Election Year Math

There is a classic line from a Saturday Night Live sketch delivered by Chevy Chase portraying Gerald R. Ford in a 1976 presidential debate responding to a convoluted and complicated question on the economy: “It was my understanding there would be no math during the debates.” Since that sketch first aired, math has become a staple of political discourse because of — not in spite of — Chevy Chase’s everyman response to shifting facts and figures. Math is confusing, especially when you want it to be.

When Governor Dannel P. Malloy delivered his $19 billion state budget to the legislature on February 6, it was presented as evidence of his administration’s smart and effective transformation of the record-setting budget deficit he inherited when he took office three years ago to projected surpluses of $500 million or more in the next couple of years. The proposal slid just under the spending cap set by the legislature last spring. It manages to maintain current levels of municipal aid while delivering more than $200 million in tax breaks in an election year, using funds from the surplus. The bulk of that tax relief would take the form of a one-time $155 million rebate for sales and gasoline taxes, which amounts to $50 for individuals and $100 for couples meeting income guidelines. Other smaller tax exemptions and credits would benefit towns and cities and new business investors.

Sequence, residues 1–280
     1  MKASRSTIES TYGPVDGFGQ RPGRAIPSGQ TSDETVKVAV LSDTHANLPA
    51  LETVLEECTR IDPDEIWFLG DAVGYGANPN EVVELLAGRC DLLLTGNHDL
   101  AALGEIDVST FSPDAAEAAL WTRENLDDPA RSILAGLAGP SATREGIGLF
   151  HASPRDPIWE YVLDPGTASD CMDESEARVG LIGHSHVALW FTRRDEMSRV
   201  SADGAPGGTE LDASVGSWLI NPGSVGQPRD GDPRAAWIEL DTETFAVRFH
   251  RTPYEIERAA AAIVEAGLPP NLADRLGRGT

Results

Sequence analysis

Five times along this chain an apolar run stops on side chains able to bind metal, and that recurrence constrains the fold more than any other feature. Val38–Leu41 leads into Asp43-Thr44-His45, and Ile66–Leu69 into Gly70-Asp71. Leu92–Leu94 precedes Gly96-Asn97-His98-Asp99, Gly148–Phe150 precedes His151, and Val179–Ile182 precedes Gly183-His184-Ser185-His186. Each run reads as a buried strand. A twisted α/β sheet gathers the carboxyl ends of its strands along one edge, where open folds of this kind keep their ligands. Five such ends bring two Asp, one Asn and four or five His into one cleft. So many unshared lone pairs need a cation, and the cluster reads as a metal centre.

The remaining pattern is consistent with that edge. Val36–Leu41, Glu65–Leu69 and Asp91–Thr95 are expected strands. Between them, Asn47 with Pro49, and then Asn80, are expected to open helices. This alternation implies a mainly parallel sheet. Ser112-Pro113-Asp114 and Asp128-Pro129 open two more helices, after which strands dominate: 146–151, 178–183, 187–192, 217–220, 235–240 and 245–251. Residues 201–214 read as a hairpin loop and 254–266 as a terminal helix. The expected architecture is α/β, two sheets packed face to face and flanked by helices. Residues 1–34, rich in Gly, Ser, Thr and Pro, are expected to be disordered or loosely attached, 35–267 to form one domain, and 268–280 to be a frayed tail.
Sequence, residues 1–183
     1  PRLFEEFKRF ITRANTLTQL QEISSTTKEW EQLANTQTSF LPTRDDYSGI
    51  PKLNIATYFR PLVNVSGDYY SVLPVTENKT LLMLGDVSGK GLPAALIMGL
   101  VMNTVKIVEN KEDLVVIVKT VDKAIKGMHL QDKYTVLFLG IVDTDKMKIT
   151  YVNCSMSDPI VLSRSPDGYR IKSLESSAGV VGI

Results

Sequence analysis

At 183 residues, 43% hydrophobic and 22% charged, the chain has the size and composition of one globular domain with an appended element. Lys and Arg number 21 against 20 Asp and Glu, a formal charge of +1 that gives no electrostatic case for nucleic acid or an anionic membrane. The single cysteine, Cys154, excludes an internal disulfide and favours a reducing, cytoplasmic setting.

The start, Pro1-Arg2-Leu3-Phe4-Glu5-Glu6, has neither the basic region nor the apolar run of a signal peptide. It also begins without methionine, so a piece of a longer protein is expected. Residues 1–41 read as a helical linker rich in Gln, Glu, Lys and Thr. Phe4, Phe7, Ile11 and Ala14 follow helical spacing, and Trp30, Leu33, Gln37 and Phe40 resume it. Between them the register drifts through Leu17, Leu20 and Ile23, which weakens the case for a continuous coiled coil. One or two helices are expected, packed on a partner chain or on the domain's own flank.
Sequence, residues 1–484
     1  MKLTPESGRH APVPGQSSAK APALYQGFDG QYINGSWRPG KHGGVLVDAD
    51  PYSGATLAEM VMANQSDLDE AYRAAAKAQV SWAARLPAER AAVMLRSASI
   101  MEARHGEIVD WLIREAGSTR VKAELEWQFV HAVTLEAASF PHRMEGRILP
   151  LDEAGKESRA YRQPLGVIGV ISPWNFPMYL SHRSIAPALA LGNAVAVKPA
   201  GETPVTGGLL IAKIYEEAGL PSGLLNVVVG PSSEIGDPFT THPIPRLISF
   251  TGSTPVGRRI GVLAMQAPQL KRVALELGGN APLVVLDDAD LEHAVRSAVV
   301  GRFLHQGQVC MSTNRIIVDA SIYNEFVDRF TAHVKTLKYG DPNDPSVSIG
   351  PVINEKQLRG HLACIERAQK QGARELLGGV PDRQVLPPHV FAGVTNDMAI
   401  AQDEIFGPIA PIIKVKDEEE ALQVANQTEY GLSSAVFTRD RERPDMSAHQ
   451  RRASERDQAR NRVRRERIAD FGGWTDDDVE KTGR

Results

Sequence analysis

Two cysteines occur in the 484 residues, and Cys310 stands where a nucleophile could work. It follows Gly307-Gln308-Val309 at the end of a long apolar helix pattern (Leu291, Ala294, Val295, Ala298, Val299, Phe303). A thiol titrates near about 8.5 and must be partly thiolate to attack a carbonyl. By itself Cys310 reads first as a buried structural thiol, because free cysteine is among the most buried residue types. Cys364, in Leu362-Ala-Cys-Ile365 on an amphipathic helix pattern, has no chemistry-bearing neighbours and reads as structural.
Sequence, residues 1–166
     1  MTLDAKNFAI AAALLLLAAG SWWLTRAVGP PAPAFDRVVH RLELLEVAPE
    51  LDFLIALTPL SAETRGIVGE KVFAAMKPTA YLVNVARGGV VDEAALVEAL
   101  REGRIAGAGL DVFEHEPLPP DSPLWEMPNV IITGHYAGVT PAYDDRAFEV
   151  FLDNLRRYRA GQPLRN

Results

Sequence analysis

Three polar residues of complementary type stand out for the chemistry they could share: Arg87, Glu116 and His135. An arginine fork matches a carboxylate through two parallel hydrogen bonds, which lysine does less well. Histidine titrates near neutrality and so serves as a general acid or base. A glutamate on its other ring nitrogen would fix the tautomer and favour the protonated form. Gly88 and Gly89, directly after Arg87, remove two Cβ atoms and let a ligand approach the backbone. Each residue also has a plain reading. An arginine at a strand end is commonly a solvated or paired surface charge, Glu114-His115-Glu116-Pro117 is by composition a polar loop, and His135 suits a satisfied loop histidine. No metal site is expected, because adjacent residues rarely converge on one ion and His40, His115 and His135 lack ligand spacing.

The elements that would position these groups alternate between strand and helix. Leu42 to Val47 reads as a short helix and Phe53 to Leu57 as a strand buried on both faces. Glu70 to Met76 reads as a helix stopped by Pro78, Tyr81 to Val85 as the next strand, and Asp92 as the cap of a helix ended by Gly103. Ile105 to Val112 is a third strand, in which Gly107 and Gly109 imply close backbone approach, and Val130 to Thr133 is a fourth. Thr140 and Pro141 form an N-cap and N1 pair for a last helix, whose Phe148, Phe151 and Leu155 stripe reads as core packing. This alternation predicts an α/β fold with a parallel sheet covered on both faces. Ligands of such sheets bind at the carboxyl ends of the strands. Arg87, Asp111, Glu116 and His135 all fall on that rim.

While the governor still has not officially declared his bid for reelection this year, his good-news budget proposal was an unmistakable political declaration that did not elude his would-be Republican opponents in November. The surplus, they note, relies on one-time revenues, deft borrowing and payment schedules, and extending taxes that were supposed to be phased out. The sunny budget message by the governor may only be a break in the clouds. His critics note that the legislature’s nonpartisan Office of Fiscal Analysis reports that the state can expect another billion-dollar deficit by 2016, growing by another half billion by 2018.

The truth is that an improving economy is now helping to keep state budgets in the black by generating more tax revenue, but overall state finances remain shaky with persistent underfunded pension liabilities and a continued reliance on billions of dollars in borrowing. Even as he offered his upbeat assessment, the governor acknowledged these challenges February 6 in his proposed response to the improving revenue outlook. “We do three things,” he said. “We shore up our savings, we reduce our debt, and we give some back to the taxpayers.”

Because this is a state election year, the people of Connecticut will be hearing a lot of numbers in the next eight months that will add up to two very different results: things are getting better; things are getting worse. The math is confusing, and, unfortunately, there are far too many people working hard to keep it that way. The best guide for our political calculations may not be in the numbers, but in how we sum up our daily lives: are they getting better or are they getting worse?

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